The media was lightly abuzz, echoing without critical review a study 1 that said states with strict gun control laws had fewer kids carrying guns.
As with all studies the media fails to study, there is far less here than meets the eye. The report itself has too many lapses to even consider it worthwhile, except perhaps as a case study in poor research methodology.
The major defects to this study include:
- Raw data source and its collection are suspect.
- Major omissions of U.S. states and territories.
- Selection of specific years that ignore trends in juvenile gun misuse.
Raw Data, Unintentionally Cooked
Let’s ignore using the Brady Campaign Scorecard – unlike the authors of the study currently under my microscope – as the definition of good/strict gun control laws. We have repeatedly shown that Brady scores have no correlation to violent crime.
The real problem is less with the Brady Scorecard and more with how the rate of juveniles “carrying” guns was made.
This study turned to the Youth Risk Behavior Survey, a product of the Center for Disease Control (CDC). This ongoing survey attempts to identify risky behaviors in young people (which if my childhood was any indication includes just about everything I did). This research involves sending a questionnaire to school students. In terms of knowing if kids are carrying guns in an endangering way, this methodology has several defects:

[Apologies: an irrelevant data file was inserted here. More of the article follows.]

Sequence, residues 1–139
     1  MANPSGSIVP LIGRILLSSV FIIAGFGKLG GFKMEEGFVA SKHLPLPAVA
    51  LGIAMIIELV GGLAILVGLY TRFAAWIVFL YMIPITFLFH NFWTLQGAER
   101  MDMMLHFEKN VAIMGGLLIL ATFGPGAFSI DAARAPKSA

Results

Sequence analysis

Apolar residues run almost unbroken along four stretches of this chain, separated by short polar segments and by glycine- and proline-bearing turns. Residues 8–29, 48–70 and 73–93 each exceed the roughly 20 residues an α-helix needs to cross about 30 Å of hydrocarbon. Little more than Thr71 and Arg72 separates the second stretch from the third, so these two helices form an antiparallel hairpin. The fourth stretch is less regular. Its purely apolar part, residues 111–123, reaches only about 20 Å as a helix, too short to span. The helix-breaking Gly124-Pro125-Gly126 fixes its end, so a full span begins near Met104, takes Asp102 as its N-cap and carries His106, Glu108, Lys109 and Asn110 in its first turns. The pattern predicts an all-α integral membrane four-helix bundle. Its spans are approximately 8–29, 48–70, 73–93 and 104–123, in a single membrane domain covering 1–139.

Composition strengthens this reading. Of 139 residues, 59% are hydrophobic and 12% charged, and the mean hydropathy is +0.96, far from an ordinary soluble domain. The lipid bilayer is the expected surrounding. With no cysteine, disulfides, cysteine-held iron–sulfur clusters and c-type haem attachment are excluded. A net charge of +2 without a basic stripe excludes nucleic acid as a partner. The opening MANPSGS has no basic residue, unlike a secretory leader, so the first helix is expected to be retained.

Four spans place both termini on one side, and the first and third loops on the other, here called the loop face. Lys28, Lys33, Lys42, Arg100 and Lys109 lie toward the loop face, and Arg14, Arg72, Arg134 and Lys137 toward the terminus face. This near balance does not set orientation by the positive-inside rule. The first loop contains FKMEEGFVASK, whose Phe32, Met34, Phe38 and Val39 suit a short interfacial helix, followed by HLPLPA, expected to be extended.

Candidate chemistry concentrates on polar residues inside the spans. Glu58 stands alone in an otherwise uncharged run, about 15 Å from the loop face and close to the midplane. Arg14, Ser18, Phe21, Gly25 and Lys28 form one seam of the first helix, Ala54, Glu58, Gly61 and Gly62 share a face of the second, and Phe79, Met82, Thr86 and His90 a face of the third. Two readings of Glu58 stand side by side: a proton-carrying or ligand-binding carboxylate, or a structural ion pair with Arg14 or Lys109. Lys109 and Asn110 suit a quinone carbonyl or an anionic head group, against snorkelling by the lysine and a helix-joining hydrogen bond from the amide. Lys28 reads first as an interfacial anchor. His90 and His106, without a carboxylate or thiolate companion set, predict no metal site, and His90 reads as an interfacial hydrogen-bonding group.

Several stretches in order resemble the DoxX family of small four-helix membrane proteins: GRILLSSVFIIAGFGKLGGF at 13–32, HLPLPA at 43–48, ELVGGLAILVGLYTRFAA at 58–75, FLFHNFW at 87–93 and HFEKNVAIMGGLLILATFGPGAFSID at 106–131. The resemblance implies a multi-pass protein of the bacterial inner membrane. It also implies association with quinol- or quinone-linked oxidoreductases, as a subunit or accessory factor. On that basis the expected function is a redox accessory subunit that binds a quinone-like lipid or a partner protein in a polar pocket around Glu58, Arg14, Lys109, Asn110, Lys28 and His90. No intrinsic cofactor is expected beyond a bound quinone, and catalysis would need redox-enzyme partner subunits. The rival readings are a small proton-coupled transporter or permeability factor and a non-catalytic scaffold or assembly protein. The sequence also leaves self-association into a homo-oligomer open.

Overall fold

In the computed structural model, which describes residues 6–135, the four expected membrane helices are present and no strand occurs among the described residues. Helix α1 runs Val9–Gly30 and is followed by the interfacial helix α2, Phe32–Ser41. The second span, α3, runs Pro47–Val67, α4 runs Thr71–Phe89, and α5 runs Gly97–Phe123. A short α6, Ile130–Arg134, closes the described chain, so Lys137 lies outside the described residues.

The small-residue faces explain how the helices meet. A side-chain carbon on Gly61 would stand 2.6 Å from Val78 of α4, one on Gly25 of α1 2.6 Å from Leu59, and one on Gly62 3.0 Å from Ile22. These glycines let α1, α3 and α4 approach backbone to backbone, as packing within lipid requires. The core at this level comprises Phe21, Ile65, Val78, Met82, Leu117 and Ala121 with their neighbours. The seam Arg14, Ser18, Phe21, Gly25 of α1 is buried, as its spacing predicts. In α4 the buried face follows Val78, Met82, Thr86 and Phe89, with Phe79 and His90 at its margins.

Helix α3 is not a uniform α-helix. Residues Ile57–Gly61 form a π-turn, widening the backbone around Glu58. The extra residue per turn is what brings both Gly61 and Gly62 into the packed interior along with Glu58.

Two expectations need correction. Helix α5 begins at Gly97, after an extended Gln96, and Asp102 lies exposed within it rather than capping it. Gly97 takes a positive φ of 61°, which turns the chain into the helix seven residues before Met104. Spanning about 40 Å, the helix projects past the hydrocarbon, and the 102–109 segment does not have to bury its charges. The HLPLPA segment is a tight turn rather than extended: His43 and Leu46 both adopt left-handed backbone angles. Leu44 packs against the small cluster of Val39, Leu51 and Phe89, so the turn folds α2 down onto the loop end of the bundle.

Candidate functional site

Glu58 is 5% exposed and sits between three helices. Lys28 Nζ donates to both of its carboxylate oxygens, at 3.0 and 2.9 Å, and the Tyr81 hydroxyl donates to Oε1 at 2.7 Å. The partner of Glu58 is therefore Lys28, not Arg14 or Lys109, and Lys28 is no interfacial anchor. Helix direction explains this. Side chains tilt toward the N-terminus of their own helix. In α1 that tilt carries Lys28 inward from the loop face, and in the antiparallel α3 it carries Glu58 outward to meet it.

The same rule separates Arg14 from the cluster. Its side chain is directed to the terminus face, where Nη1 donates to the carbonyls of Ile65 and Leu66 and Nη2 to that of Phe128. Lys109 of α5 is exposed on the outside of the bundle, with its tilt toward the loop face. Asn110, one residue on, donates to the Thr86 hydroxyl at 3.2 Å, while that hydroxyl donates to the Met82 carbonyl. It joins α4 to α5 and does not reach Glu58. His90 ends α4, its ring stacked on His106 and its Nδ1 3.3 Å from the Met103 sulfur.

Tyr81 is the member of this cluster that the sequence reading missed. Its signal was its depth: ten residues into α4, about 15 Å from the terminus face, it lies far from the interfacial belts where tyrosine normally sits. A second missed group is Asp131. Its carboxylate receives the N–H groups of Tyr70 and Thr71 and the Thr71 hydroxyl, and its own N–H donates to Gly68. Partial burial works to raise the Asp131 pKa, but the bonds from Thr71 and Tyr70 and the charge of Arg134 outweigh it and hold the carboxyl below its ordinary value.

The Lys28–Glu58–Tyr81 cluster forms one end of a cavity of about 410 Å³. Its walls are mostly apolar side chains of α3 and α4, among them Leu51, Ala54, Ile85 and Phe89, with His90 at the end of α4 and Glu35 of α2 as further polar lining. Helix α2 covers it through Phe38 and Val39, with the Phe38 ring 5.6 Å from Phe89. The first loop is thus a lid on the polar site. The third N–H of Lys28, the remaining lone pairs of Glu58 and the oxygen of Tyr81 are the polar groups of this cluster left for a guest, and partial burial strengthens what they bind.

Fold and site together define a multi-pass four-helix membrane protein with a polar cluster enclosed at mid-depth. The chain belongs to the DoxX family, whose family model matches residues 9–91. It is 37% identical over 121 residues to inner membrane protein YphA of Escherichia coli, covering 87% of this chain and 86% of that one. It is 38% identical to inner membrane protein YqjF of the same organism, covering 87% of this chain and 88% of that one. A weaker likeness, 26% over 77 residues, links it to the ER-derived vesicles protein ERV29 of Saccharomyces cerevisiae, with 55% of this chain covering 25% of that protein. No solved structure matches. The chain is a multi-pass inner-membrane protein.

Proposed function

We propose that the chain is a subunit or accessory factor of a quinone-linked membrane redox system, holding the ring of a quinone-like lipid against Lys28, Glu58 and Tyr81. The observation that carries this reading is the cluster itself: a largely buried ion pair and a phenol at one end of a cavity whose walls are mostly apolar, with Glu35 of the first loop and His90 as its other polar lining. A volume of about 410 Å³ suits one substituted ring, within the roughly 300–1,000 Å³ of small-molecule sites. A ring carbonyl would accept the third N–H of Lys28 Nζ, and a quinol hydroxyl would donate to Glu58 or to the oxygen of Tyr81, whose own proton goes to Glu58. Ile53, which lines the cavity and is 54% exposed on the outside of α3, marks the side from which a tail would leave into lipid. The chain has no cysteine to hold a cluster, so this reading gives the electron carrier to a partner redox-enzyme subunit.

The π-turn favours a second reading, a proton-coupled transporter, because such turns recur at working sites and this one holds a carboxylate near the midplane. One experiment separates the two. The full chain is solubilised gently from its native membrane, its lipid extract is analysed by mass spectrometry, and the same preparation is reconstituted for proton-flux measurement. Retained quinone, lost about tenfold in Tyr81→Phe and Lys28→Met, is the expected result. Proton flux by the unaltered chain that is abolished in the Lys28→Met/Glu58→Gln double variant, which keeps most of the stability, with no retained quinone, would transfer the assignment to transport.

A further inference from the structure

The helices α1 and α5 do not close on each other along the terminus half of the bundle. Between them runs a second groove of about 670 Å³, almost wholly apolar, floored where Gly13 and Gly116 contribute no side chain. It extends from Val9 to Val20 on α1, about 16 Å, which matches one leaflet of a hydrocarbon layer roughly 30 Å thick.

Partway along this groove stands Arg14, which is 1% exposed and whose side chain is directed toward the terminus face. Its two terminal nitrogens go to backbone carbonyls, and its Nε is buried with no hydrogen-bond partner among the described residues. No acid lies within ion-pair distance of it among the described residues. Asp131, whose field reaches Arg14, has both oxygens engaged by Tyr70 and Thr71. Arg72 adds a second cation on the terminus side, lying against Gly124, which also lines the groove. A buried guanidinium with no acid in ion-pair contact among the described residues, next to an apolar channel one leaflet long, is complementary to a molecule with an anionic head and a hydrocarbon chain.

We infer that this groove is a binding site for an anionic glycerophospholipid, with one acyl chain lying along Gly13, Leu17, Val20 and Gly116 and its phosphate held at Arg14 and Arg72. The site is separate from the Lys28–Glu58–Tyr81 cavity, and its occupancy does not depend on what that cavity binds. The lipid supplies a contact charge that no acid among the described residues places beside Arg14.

ATTENDENCE: School attendance varies greatly by urbanization and economics. In other words the truancy and drop-out rates are much higher in cities with inner-city street gangs. These also happen to include states with stricter gun control laws. Hence, there is a built-in measurement problem when it comes to guns.
QUESTION: Does the question “on how many days did you carry a weapon such as a gun” have a different meaning to a gang-banging juvenile and a rural kid who frequently goes hunting? Yes, it does. So the ambiguous question creates problems all on its own.
TRUTHINESS: Do students answer surveys honestly, especially school administered questions concerning illegal activities? Someone with a pistol in their pocket might answer a question about carrying firearms quite differently that a 16 year old from Arkansas who just bagged his first white tail deer.
Since the study under scrutiny treats this survey as a gold standard, and uses no other basis for measuring how often juveniles carry guns illegally or recklessly, the study rapidly becomes farcical. Indeed, one of the biggest gripes about this study is why the authors studiously avoided crime statistics, such as the number of arrests or convictions of juveniles for illegal firearm carry or use (more on this below). Being arrested for weapons violations is a very direct and statistically robust endangering behavior (unless you wish to count shooting bucks during hunting season endangering, which to the buck I suppose it is). This is what the authors should have used, which is likely why they didn’t.
MIA States and Districts
Even if the raw data collected from the Youth Risk Behavior Survey was sound for this purpose, it is glaring that only 38 states are reported in the cherry picked years this study used. Among the missing is California, which includes LA County, which is home of the original Gangster Paradise and the well hole of wholesale homicide with guns, including homicide by juvenile gang members.
This is important because California ranks as #1 for strict gun control laws.